Nidaa Tounes, led by former Prime Minister Beji Caid Essebsi, 87, is an alliance of former government officials, liberals and secularists that was formed in 2012, largely in reaction to the post-revolutionary chaos under the Ennadha-led government. It was sharply critical of the Islamists’ performance and ran a campaign for a modern, secular society.
The results, if confirmed, would be a blow for Ennahda, which won a large popular vote and 89 seats in 2011 but struggled to manage rising insecurity and a sliding economy.
Tunisians filled polling stations on Sunday to elect a new Parliament, expressing a strong desire and some trepidation that, after months of political turmoil, the country would turn a corner nearly four years after a revolution.
Officials said the provisional turnout was nearly 62 percent, which election observers said demonstrated Tunisians’ support for democracy.
The elections are the second in Tunisia since the popular uprising that overthrew President Zine el-Abidine Ben Ali in 2011 and set off a wave of change that was later dubbed the Arab Spring. They will bring in a new Parliament and government for a five-year term. Presidential elections are scheduled for next month.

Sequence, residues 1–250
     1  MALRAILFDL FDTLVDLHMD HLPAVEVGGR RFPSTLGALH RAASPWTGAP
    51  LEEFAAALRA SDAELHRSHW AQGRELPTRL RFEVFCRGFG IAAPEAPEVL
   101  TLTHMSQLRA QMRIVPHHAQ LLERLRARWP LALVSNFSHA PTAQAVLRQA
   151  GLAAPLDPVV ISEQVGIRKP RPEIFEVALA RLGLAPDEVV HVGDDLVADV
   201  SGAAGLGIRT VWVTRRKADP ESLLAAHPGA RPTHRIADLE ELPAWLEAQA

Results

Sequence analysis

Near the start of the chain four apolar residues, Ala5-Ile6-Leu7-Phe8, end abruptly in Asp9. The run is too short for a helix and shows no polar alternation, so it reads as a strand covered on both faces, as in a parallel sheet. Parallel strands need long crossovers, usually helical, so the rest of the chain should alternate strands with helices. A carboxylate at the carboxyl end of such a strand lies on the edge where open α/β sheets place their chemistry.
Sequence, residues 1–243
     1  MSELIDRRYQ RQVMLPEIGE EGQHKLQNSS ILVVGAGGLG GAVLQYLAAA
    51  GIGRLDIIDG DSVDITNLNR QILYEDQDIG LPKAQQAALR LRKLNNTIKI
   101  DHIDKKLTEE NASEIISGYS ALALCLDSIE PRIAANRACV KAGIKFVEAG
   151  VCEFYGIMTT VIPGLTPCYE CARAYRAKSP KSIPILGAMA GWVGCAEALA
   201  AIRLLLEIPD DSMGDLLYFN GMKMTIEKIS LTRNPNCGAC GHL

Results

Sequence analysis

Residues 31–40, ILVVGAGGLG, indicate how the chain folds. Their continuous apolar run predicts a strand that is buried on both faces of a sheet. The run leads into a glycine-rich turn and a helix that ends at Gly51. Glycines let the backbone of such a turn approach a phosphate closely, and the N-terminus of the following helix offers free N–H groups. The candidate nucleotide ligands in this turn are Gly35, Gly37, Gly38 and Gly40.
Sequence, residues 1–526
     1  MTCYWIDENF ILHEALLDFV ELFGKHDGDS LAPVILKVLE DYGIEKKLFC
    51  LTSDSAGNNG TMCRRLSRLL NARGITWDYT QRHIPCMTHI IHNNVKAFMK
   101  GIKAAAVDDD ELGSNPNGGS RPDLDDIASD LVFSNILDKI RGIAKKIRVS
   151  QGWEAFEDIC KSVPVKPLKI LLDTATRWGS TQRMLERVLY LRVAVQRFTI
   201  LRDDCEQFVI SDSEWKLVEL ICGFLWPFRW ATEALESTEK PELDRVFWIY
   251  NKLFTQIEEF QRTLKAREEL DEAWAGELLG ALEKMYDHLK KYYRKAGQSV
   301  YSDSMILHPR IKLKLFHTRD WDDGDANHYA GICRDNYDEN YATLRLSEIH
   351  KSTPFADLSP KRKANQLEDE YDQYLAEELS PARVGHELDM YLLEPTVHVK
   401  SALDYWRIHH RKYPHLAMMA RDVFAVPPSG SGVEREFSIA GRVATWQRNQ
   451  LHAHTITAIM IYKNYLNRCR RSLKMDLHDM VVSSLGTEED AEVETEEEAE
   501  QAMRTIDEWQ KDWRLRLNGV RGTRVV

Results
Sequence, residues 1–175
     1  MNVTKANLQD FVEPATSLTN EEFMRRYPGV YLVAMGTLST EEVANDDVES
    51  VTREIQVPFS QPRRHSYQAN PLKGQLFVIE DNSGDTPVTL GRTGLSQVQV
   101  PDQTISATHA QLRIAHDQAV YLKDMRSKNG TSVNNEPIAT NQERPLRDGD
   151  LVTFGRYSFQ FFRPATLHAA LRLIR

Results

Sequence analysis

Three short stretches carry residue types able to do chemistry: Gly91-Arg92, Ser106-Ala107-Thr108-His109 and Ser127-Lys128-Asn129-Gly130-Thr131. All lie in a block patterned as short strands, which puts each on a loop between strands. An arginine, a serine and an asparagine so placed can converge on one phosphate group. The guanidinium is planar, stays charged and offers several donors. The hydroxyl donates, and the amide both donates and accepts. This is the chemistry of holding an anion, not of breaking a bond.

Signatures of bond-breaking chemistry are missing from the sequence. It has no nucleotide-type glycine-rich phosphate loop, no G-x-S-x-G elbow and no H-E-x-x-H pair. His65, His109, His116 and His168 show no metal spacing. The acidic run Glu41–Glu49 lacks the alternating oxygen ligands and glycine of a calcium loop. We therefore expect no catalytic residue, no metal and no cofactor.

The immediate return for Tunisians in maintaining a lid on tension and achieving a peaceful transition will be, of course, yet more tourism dollars flooding into the country. The country has also maintained close relations with Europe, and with France and Italy in particular, with growing mutual trade.
An island of sanity in troubled north Africa, it is also an exceptionally interesting and beautiful country, with a fascinating history of civilisation going back thousands of years, notably being the home of the Carthaginian Empire which was so dominant in the Mediterranean area in centuries before Christ, and it was later occupied by Rome which made good use of its vast fertile soils to produce huge amounts of cereals, plus olive oil, figs, and more. Various waves of conquerors including Ottoman, Arab and French have created a multi-layered and outward-facing culture.
The country lies within a couple of hours flight from the major population centres of Europe. No-one could begrudge them this “peace dividend” and let us hope they continue to provide a beacon for sanity for the whole Arab-speaking world. Indeed, the rest of the region can learn much from Tunisia beyond its peaceful transition of power – it also has a large number of women MPs, a highly progressive code of individual freedom for women, Islamic extremism is rare (although not non-existent), the country enjoys a relatively open low-tariff economy, and it is accepting of Christian and most significantly Jewish minorities.
Today, we salute the Tunisian people for their fortitude and commonsense. When we rail and wail at the inability of much of the region to behave intelligently, let us look to the example of Tunisia, and hope.